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Re: Quick Start guide?

Post by geneb »

MatterControl may have some issues, but at least they don't tell you that they own the output of the software.

Get a load of this: https://www.reddit.com/r/3Dprinting/com ... haring_of/

They're invited to kiss my ass.

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Re: Quick Start guide?

Post by Eaglezsoar »

geneb wrote:MatterControl may have some issues, but at least they don't tell you that they own the output of the software.

Get a load of this: https://www.reddit.com/r/3Dprinting/com ... haring_of/

They're invited to kiss my ass.

g.

Mine ass also. I never owned a copy based on the fact that S3D did not provide a trial version and I am glad that I did not buy it.
I do not care if they have the best software on earth, with no trial and them owning the GCode produced they can go F themselves.
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Re: Quick Start guide?

Post by mhackney »

And not a mention of this on their forum. Perhaps they are censoring posts related to this like they sensor nearly all of my posts.

I picked through their web site and their EULA is no where to be found. I picked through the installation and the only place the license is found is in the About dialog (Mac OS X). This license does not mention a thing about not allowing distribution of gcode files.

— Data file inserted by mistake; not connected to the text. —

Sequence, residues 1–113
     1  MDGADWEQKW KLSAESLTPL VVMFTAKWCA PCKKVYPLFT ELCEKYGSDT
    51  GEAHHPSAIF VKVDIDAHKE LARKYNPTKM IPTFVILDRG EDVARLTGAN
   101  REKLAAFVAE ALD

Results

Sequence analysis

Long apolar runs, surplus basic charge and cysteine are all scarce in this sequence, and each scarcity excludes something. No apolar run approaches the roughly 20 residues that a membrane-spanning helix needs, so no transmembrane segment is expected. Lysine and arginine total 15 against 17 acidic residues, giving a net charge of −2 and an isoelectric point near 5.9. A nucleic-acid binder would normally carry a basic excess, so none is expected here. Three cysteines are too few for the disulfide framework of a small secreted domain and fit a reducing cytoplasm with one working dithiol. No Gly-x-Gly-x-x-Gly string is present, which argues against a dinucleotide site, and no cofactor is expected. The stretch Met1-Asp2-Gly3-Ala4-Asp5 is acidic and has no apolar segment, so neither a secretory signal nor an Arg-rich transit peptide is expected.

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Re: Quick Start guide?

Post by Mac The Knife »

geneb wrote:MatterControl may have some issues, but at least they don't tell you that they own the output of the software.

Get a load of this: https://www.reddit.com/r/3Dprinting/com ... haring_of/

They're invited to kiss my ass.

g.


Sneaky bastards.
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Re: Quick Start guide?

Post by Mac The Knife »

If we listened to the lawyers all the time, we'd never get anything done,,,, That pretty sums up the problem with Washington D.C.
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Re: Quick Start guide?

Post by mhackney »

The problem is, if you blatantly disregard the lawyers you can loose a lot of money or worse, go to jail.

BTW, I emailed S3D support to explicitly ask if this usage is allowed and to get a copy of their EULA. I have not had a response yet.